stones about this diameter not break glass. It depends
on the hardness of the stones and the angle of the
impact. Occasionally a motorist can get lucky and get
hit with a large soft stone when temperatures aloft are
warmer. The soft stones crack apart absorbing the
impact. In this case the stones were rock hard.
Note the irregular shape of some of the stones. One on the left is elongated with
small spikes, and others that fell that day were jagged. Near this location a
particularly large stone was dug out of the mud; it measured five inches in
diameter; although, that is a big chunk of ice the largest stone fell at Coffeyville,
Kansas in 1970 and measured just under seven inches in diameter. I was there,
and had an old Polaroid camera, but was so busy watching the storm I forgot
about taking pictures.
Hailstorms, Do They Look Different?
Typical Hailstorm...Or Is It?
A severe thunderstorm rolling across the western prairie. This storm blasted windows
out of a town in western Oklahoma with golf ball size hail and 70 m.p.h. winds. The
worst of the hail was under the dark shelf of clouds close to the ground.
An early spring hailstorm
turns the green grass
white over the fields of
west Texas.
Note the lack of dark low
clouds. We can see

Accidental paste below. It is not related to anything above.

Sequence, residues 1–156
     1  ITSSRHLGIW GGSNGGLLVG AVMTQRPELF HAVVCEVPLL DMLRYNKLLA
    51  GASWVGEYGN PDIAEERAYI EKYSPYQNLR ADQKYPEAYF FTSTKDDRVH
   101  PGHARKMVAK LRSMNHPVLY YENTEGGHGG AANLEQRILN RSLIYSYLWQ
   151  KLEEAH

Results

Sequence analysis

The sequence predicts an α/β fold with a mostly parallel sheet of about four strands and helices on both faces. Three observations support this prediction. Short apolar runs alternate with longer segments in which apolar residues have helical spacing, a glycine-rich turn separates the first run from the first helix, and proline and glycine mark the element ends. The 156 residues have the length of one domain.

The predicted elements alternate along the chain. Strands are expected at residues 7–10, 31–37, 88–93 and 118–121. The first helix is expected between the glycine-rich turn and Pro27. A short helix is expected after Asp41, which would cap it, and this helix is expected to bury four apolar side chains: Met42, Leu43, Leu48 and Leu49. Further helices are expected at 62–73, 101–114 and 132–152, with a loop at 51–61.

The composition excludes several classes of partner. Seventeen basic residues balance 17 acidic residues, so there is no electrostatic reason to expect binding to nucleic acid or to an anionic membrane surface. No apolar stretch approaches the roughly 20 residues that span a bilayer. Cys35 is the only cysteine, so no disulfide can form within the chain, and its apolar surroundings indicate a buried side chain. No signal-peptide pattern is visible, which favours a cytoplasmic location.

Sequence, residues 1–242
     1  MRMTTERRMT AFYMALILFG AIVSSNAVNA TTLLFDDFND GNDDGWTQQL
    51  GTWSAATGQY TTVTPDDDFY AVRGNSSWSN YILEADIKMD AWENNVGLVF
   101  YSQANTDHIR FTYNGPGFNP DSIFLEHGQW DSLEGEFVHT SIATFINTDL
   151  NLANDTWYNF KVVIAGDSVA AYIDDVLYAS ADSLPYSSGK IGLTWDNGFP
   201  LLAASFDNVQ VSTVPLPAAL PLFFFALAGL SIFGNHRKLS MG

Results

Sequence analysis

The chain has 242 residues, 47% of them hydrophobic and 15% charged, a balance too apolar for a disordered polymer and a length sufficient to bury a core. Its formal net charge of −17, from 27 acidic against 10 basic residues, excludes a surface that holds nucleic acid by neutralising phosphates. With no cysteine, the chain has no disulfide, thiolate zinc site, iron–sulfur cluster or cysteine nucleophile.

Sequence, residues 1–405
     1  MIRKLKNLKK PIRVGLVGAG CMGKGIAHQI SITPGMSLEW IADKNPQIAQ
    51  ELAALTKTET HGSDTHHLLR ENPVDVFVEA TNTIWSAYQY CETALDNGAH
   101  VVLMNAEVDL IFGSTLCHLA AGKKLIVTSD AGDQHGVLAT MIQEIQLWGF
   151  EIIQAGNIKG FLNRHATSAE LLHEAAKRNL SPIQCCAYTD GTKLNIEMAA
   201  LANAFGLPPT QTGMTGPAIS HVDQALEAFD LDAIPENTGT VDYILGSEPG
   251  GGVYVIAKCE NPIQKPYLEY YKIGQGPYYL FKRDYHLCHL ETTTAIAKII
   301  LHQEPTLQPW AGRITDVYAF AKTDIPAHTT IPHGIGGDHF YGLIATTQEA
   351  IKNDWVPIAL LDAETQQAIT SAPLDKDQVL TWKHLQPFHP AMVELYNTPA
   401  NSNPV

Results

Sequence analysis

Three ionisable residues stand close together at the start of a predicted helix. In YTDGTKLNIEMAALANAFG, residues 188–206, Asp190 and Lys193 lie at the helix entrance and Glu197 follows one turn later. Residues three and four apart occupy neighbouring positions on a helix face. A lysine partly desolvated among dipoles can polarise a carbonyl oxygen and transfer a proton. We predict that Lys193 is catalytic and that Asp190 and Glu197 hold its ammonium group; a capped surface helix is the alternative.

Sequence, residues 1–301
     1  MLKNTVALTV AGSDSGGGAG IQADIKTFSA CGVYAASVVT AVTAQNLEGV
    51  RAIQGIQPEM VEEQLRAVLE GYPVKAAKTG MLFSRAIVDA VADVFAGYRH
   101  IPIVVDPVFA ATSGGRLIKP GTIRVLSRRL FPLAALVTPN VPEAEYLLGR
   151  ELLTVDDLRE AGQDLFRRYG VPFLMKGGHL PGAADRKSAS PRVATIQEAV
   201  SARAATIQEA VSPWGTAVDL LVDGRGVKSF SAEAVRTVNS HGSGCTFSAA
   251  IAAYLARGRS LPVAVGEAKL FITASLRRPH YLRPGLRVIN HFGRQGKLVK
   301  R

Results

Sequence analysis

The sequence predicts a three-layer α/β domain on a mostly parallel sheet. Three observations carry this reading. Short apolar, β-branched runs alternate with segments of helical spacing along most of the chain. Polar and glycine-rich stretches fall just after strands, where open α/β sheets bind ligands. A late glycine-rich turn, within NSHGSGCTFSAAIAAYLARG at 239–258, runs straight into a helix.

completely under this
storm which contains
almost all hail and little
rain.
Such pure hailstorms
are more transparent then
classic thunderstorms.
Travelers may be fooled
by storms with this
appearance.
Without the hail in the
foreground this cloud
would not be that
threatening.
Storm across the high plains may
have deceptively high cloud bases.
This feature allows more light to
filter in under the storm clouds.
Since hail does not occur in the
density of heavy rain, this too lets in
light making for a bright storm. This
particular cell was dumping very
large hail across northern Kansas in
the yellow of the late evening
sunlight. Long streamers and
striations are visible in the clouds as
evidence of the hail falling through
them, but nothing is seen below
cloud base.
Storms do give away their secrets
to careful observers. Note the thick
streamers in the clouds. This a
signature for very large hail when
nothing is seen below cloud base.
These streamers may be
distinguished from typical virga
streamers, which have a thinner
appearance and carry the cloud
base lower with them. This storm
battered the area west of Abiline,
Texas with softball size (4 inch
plus) hailstones. It's quite likely
this hail was coming from the anvil
well above these clouds, and
falling through the lower layers
making the streamers evident.